“Jeffrey Epstein didn’t kill himself” has become a popular catchphrase. Will we say the same about Ghislaine Maxwell? That undercurrent is running behind events this week, when Maxwell is scheduled to have a bail hearing. Federal prosecutors claim Epstein’s confidant and accused co-conspirator is a flight risk who should be held without bail. Ms. Maxwell says she’s been right here in the U.S., where she will remain to fight the charges against her. Since bail is not to punish, and the federal authorities’ own record on treating prisoners is abominable, it’s hard to see how her continued jailing is just or permitted. All criminal defendants in the United States enjoy the presumption of innocence, and that includes those called monsters by the press and Netflix presentations.
Federal Prosecutors Playing Games
Are federal prosecutors playing games with the court? They claim in filings to support a decision granting no bail that Ms. Maxwell travels internationally extensively, including 15 trips in the last three years. The attorneys, from the maverick U.S. Attorney’s office in the Southern District of New York, don’t mention that not a single one of those trips happened since Jeffrey Epstein’s death in August of 2019.
Highlighting 15 trips in three years is certainly a more powerful argument than that she traveled all the time internationally, except for the last year, when these charges had been brewing, and when it may have benefited her to flee this jurisdiction. There’s a way to present the facts in a light most favorable to your position, and then there is this type of presentation, which one could imagine the court will find less illuminating than obfuscating. The games continue with Maxwell’s “hiding.”
Hiding – But From Whom?
Prosecutors claim Ghislaine Maxwell “made intentional efforts to avoid detection, including moving locations at least twice, switching her primary phone number and email address, and ordering packages for delivery with a different person listed on the shipping label.” Keep in mind, the prosecutors make no mention of what became a feverish international media hunt for Maxwell’s whereabouts after Epstein’s “suicide.” Is that commensurate with their duty to be forthright with the court? It’s hard to justify given what her defense lawyers claim.
There is a distinction between legal arguments and factual claims. While attorneys may advance any legal argument to a court, provided it is made in good faith, they may not misrepresent facts. Maxwell’s attorneys point out that through her lawyers, she has been in regular contact with federal prosecutors from July 7, 2019, until she was arrested. It’s most unlikely her attorney falsely asserted that to the court in a memorandum on bail, and if true, it makes the prosecution claim seem all the more deceitful.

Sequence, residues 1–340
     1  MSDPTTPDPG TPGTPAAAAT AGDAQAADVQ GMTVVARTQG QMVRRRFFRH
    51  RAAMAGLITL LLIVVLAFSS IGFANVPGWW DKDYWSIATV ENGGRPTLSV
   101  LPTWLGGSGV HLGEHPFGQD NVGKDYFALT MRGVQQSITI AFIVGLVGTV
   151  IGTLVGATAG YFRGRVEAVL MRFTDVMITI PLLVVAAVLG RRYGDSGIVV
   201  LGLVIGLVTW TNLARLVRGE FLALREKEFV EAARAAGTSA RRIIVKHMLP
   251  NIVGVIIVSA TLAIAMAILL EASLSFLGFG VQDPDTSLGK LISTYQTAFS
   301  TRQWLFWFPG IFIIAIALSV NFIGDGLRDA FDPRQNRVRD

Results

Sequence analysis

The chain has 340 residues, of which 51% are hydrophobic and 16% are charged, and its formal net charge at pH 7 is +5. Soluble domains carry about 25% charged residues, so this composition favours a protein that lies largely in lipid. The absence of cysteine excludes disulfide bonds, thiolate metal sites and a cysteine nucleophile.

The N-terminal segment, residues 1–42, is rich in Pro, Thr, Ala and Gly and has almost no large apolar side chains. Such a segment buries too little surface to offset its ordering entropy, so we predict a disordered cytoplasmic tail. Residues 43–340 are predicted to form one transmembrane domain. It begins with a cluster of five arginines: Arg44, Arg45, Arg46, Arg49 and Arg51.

Her lawyers say she would have surrendered herself to authorities had they informed her of an arrest warrant. Instead, they claim the raid to arrest her, complete with door-smashing police, was executed “without warning on the day before the July 4th holiday, thus ensuring that she would be in federal custody on the one-year anniversary of Epstein’s arrest.”
Should She Get Bail?
Everybody who is charged with a crime should get bail unless there is a good reason for them not to. Stated colloquially, that’s the law and policy around bail in the federal system. Ms. Maxwell is a wealthy woman who knows how to travel internationally. That much is fully established and undisputed. It doesn’t make her ineligible for bail, however. As her lawyers say:
“Lacking any evidence required under the governing standard that Ms. Maxwell presents an ‘actual risk of flight,’ the government’s flight risk argument is reduced to the following: Ms. Maxwell is a woman of means who has foreign citizenship and has traveled internationally in the past, and who now faces serious charges.”
Federal prosecutors include information that she has French and U.K passports as evidence of flight risk. Surrender of any and all passports and a promise not to apply for others is often a required prerequisite for bail, though, and one with which the defense would agree. Why go on about them then? It all smacks of throwing anything at the wall hoping something sticks.
Take your pick – Jeffrey Epstein killed himself while on suicide watch in federal custody, or Jeffrey Epstein was murdered to ensure his silence while in federal custody. Either one presents a problem those prosecuting attorneys do not address. Add COVID-19, which is widespread throughout the very facility in which Maxwell is housed, and the reasons to require her ongoing custody become fewer and fewer.
Prosecutors can’t make hay going after Epstein any more, so Maxwell is the next best thing. If the worst allegations against her are true, she is heinous, and she should be tried and convicted for those acts. Authorities should not be able to imprison her without proving beyond a reasonable doubt that she did, however. The court should consider what her attorneys call the most critical fact, “Ghislaine Maxwell is not Jeffrey Epstein.”
Read more from Scott D. Cosenza.